We passed another boat just outside the tunnel mouth and another just two minutes later. By the time we had passed Blisworth mill, we passed two more, had we entered the tunnel ten minutes later, we would have had five boats to pass in there rather than just one.
Blisworth village held little interest for us on this occasion so we passed on by and although we considered mooring near Gayton junction there were no free spaces. Carrying on through rural Northamptonshire, we eventually found a mooring near the village of Bugbrooke. Despite the fact that we had made good progress through the locks at Stoke Bruerne, we had still been travelling for four and a half hours and therefore it was lunchtime.
After lunch, we walked into the village and visited the local shop, then we visited the nearby pub which has now been closed down and the Post Office which has also closed and been moved half a mile away to the local pharmacy – the lesson being, don’t believe all of the information on Google Maps! The shopkeeper told us that there was another pub on the other side of the village but we decided to give it a miss and return to the canal where we knew that there was a pub/restaurant next to Bugbrooke Marina. When we reached the edge of the village, we looked at the map again and saw that the Five Bells pub, the other one in the village, was only a five minute walk away so we decided to pay it a visit. On arriving, we discovered that that it doesn’t open until 5pm on Mondays and it was only 3pm.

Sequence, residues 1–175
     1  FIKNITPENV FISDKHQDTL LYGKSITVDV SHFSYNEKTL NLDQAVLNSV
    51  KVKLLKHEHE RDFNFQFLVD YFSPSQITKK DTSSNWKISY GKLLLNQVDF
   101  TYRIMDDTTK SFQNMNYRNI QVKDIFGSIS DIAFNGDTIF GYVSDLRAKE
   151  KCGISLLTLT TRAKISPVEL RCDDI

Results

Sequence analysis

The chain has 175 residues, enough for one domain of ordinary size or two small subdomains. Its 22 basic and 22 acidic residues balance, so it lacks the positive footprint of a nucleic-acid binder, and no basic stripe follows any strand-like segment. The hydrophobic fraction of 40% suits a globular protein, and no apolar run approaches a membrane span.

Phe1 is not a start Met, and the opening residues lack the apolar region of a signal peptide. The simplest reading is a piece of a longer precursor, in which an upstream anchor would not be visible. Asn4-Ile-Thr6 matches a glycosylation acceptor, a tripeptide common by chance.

We walked back to the Wharf and had a drink there before returning to Caxton along the towpath. Who should we see chugging along but our old lock buddy from the Marsworth flight, nb Que Sera Sera. They had been down the Northampton arm but had only stayed one night after mooring next to a park (no idea which one). They said that the pounds were low and there were lots of weeds along the way so it hadn’t been worth it and they wouldn’t try it again. They asked about mooring and we pointed out that the Wharf pub had mooring for patrons so they pulled over and tied up. We have been leapfrogging each other since mooring near them at Berkhamsted and again at Leighton Buzzard, no doubt we haven’t seen the last of each other. They are heading for the Oxford canal so there are still plenty opportunities until we reach Braunston.